A strange phase of matter that previously existed purely in the realm of theory has finally been detected in a real material.

It's known as the Bragg glass phase – a strange, seemingly paradoxical arrangement of atoms in a glass material where the particles are nearly as ordered as those in a perfect crystal. Scientists weren't even sure Bragg glass existed, but there it was, hiding in an alloy of palladium inserted between layers of terbium and tellurium (PdxErTe3).

The discovery, led by physicist Krishnanand Mallayya of Cornell University and published in Nature Physics, not only sheds light on the way materials can behave but demonstrates a powerful new set of techniques for probing the atomic structures of exotic materials.

The phases in question have to do with the way atoms and molecules are arranged. A long-range ordered phase is one in which the molecules in a crystalline solid are arranged in a neat, geometric, three-dimensional pattern. A disordered phase is one in which the component atoms are all jumbled up. Liquids are disordered in this fashion, but so are some solids, such as glass.

Between these arrangements, physicists predicted the existence of a third phase. That's Bragg glass.

Mallayya and his team thought they might find it in a material that contains a charge density wave (CDW), a phenomenon commonly found in two dimensional materials which describes the periodic modulation of a material's charge density. Think of it as a 'wave' in the way electrons are distributed.

For each of the three phases, the CDW behaves differently. For a long-range ordered phase, the CDW correlates with the material's structure continues indefinitely. For a disordered state, it breaks down within a finite distance. For Bragg glass, the correlation breaks down – but more slowly and over a longer distance than the disordered state, only seeming to disappear at infinite distances.

A table classifying the diagnostic properties for each of the three phases. (Mallayya et al., Nat. Phys., 2024)

"The challenge," says physicist Eun-Ah Kim of Cornell University, "is detecting these distinctions from experimental data that also reflects real-life issues like noise and finite resolution of the experimental setup."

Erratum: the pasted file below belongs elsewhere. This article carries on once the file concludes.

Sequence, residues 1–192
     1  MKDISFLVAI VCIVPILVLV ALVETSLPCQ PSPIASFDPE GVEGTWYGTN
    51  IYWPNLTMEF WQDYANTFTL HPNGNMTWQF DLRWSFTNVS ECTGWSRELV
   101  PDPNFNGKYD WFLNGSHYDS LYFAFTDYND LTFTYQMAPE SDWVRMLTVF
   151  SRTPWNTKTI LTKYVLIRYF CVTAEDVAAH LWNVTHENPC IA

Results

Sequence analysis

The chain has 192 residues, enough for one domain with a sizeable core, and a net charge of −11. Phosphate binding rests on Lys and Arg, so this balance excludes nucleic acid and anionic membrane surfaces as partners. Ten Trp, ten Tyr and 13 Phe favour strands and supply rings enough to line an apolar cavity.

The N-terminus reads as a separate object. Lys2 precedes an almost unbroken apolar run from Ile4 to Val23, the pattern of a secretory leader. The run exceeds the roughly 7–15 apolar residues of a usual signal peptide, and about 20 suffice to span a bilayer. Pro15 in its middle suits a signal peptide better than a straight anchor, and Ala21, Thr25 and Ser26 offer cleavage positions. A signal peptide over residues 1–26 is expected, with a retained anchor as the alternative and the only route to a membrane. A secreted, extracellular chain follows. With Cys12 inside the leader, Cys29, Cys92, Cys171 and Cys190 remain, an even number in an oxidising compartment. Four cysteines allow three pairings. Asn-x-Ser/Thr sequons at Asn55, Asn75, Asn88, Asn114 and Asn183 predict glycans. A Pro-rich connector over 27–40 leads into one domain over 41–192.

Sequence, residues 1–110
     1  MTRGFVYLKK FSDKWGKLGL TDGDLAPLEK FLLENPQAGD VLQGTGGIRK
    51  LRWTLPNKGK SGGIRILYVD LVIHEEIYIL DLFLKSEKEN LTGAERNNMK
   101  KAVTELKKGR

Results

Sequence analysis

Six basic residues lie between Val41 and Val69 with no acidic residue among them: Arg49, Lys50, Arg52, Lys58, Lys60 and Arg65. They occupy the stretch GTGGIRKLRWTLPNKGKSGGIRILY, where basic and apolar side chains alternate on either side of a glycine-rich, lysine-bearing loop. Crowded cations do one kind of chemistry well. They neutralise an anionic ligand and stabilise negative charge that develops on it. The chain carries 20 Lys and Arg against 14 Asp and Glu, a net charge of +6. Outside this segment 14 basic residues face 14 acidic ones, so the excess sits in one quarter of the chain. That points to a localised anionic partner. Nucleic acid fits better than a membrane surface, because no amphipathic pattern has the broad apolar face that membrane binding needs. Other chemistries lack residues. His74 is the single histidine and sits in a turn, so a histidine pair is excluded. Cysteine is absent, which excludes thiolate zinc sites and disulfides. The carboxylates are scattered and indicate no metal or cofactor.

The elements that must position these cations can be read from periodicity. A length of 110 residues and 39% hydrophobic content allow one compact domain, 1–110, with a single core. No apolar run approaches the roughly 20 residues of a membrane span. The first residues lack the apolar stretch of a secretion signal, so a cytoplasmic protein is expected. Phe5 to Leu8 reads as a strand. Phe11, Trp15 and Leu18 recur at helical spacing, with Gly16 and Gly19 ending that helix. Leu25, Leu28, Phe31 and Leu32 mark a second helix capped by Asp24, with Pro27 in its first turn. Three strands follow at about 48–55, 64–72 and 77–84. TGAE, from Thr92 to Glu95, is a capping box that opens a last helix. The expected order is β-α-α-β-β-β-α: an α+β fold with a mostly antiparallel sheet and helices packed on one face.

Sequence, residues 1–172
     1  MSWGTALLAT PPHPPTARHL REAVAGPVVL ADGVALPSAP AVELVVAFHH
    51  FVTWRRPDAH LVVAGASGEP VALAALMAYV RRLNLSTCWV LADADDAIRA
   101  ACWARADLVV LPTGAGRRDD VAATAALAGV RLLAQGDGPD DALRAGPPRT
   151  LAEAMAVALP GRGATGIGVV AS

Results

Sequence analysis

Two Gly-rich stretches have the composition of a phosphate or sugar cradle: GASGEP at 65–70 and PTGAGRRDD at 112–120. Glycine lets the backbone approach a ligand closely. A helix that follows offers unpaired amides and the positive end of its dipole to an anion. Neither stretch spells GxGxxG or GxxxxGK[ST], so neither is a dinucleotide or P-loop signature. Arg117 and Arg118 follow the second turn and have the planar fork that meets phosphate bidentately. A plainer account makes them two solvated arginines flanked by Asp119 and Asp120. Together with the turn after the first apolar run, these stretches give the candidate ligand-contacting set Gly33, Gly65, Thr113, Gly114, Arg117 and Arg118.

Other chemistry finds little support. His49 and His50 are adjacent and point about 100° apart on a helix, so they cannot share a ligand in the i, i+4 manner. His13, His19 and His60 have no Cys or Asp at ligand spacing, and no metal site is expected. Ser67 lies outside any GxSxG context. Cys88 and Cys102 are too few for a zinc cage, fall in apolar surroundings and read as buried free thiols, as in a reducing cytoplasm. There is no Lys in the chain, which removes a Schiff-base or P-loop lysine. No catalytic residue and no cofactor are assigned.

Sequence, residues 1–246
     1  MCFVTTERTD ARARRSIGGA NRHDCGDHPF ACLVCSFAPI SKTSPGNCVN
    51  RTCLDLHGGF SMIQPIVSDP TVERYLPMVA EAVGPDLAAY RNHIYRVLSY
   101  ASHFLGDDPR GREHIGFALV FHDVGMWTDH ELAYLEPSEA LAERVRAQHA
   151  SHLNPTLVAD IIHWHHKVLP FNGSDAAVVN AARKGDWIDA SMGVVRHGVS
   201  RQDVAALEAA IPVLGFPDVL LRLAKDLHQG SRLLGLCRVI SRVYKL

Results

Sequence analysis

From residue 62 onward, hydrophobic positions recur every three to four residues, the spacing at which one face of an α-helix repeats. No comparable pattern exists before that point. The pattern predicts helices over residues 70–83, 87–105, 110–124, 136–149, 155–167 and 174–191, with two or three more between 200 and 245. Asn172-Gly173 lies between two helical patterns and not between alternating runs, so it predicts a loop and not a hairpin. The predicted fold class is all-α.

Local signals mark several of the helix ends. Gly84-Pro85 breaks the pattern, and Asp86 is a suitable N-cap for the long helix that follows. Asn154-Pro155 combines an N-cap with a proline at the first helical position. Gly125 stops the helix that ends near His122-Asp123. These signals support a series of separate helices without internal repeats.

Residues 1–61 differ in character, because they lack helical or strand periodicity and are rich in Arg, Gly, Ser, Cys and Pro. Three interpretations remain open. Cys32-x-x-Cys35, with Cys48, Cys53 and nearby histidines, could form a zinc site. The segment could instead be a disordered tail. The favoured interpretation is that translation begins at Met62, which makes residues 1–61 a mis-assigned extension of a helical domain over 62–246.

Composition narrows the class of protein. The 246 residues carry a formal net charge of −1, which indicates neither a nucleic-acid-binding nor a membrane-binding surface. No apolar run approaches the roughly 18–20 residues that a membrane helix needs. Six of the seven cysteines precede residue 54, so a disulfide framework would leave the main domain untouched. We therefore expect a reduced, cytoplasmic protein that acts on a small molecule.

To detect the phase required a lot of work. First, there was the material; PdxErTe3 was carefully studied by scientists at SLAC and Stanford several years ago, and the researchers determined it would be suitable for their purposes.

To probe the structure of the material, the researchers sent their samples to the Argonne National Laboratory. There, the PdxErTe3 was bombarded with X-rays to measure the way the light diffracted off the interior of the material.

Finally, to pore through and analyze the absolute scads of X-ray diffraction data, the researchers used a machine learning data analysis tool called X-ray Temperature Clustering (X-TEC). This allowed them to probe thousands of CDW peaks – "the first time CDW fluctuations have been analyzed from more than a handful of peaks," the researchers note.

From CDW peak asymmetry, Mallayya and his team claim to have finally identified the existence of the Bragg glass phase, experimentally confirming its real-world existence. This represents significant headway into understanding this elusive phase.

Aside from confirming existing models, their techniques should also prove useful for future research: the X-TEC tool was able to extract features from the data with high precision, at a high rate, which promises many future discoveries to come.

"Using machine learning tools and data-scientific perspectives, we can go after challenging questions and track down subtle signatures through a comprehensive data analysis," Kim says.

The team's findings have been published in Nature Physics.